CRO essentials for new websites

Posted by Chris Woods on 5 Jun, 2017
View comments Marketing
Are you about to launch a new website? While you may not think it, now is the time to start implementing conversion rate optimization (CRO). If you associate CRO more with established sites, read on to find out how you can give your new launch the best possible chance of success.

CRO for new websites

Conversion rate optimization (CRO) is something that is more commonly associated with established sites, as marketers look to eke out better performance and more conversions. However, this doesn’t  mean that CRO shouldn’t be considered as part of the new website creation process. Here, we’ll look at some of the CRO essentials to keep in mind for new websites, helping you to get a head start on maximizing conversions from launch day and beyond.

1.Carry out a form fields review

Nobody likes filling in dozens of boxes before being permitted to check out or subscribe to a list. As mobile browsing becomes the default for many consumers, keeping form design as concise and succinct as possible takes on a new relevance.

When launching your new site, review the contact form, cart checkout fields and any other forms on your site with a critical eye. Eliminate unnecessary fields and keep the required fields to a minimum. While your cart form will need city, state and zip code fields along with a phone number and email, your contact form shouldn’t. Offer social media log-in if possible and turn on one-click ordering, so users find it easy to register and use your site without being forced to input row upon row of data.

Trim excess fields from each of your forms where possible to set yourself up for strong conversions from day one.

2.Test your call to action

Your call to action is one of the most critical parts of your page and, testing it is a CRO essential. Why? Because even the smallest tweak could help nudge visitors over the line to complete the action you desire.

If your new site hasn’t launched yet, you won’t be able to use standard landing page or A/B testing, where one version of your page is served to some users and a second version to another, to judge which performs better. You can however perform an internal A/B test. Approach it in the same way. Set up two identical pages and then change the call to action on one page. Send the links to your colleagues, friends, family – even a select group of customers –  and solicit their responses. This will at least get you started on the path to CRO and may bring some useful comments and feedback to light before your site launches.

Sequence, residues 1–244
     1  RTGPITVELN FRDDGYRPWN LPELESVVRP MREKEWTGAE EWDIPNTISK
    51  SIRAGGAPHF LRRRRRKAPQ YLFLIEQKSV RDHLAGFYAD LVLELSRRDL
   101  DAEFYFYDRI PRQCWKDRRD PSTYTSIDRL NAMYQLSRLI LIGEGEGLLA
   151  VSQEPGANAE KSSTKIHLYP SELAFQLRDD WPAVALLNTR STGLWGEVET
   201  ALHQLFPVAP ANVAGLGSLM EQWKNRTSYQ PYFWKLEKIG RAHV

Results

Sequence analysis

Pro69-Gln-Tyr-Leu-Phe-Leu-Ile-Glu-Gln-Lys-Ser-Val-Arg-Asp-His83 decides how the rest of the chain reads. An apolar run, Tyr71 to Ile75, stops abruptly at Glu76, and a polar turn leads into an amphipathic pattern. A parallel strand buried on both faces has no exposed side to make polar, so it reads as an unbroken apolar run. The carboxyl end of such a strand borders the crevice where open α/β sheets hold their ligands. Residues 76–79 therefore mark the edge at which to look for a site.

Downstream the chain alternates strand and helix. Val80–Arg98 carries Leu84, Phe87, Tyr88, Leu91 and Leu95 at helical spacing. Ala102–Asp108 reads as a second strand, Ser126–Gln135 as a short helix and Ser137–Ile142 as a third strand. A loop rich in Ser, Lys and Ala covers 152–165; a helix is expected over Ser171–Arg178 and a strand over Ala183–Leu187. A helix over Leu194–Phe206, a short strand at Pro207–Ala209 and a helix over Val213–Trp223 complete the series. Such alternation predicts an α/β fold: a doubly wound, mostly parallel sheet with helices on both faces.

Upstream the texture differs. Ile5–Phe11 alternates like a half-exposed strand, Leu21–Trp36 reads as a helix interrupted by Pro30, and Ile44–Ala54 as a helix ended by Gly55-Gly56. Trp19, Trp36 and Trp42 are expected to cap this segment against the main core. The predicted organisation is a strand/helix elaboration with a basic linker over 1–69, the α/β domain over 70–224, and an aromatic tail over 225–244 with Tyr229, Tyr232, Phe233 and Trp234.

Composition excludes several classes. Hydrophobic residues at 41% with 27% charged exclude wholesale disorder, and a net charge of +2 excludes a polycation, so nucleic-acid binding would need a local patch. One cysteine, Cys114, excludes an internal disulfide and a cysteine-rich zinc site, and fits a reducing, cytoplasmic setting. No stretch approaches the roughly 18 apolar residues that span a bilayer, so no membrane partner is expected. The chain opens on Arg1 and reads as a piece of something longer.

If your site is actually live, even if it’s just gone up a few scant days ago, you can begin testing your call to action immediately. This is something you should do right away, ensuring your call to action is as strong and motivational as possible from the outset.

In addition to testing the language used for your call to action, you should also rotate between testing different types of calls to action, such as text links and more visually appealing buttons.

3. Check your contact information is prominent

Even though many of us are entirely comfortable shopping online, and Millennials and Generation Z have grown up with online ordering, the importance of displaying physical contact information on your new site shouldn’t be underestimated. Even if you only trade online and don’t have a bricks and mortar location, you should display a customer service phone number and email address prominently on your new site.

Check that your phone number appears on the homepage in a large font, isn’t hidden away and is easy to locate no matter which page a visitor may initially land on your site. Likewise, check that it is also displayed on your contact page and that you provide an email address as well as a contact form.

Making contact information prominently available is a CRO basic but, it’s amazing how many sites omit this core detail. A phone number adds authenticity and gives peace of mind – after all, no-one wants to blindly hand over personal data and credit card information with no visible means of contacting the vendor other than an anonymous contact form with no direct contact info.

4.Display security seals, reviews and trust badges

Anything you can do to instill trust in your visitor can help push your conversion rate upwards. Even if as a new business you don’t have a ton of reviews to share just yet, simply adding a relevant review badge, letting your customers know you are accountable and do welcome feedback, provides peace of mind.

If your business uses a particular method of data security to protect customer details, is part of a trade organization or nationwide service such as the Better Business Bureau, adding those seals to your website can build trust and credibility – all essential to increasing conversions.

5.Review your site images

Images are part of the fabric of your site and should be used for more than mere design purposes or to break up chunks of text. If you want to help your new site get off the starting blocks and win over customers quickly, review your image selection. Look in particular for images in headers and sidebars – do these pictures push your visitors towards a conversion? Do they make offers clear? Highlight benefits? And communicate limited time deals such as free shipping, storewide discounts or limited edition products? If not, landing page testing should be used to help select more appropriate images which are aligned with your conversion goals.

As with any type of testing, CRO for new websites also requires measurement, analysis and a trial and error approach. Accept that you aren’t going to get it right first time. Even when you do make a change that nudges your new site a little closer to your short term conversion goals, there’s always an additional tweak you can make to further improve on it. 

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